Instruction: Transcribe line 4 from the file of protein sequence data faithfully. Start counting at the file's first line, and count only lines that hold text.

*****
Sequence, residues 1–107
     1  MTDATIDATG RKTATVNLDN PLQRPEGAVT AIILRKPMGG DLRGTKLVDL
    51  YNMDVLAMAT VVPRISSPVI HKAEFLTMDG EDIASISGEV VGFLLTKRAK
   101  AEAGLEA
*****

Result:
   101  AEAGLEA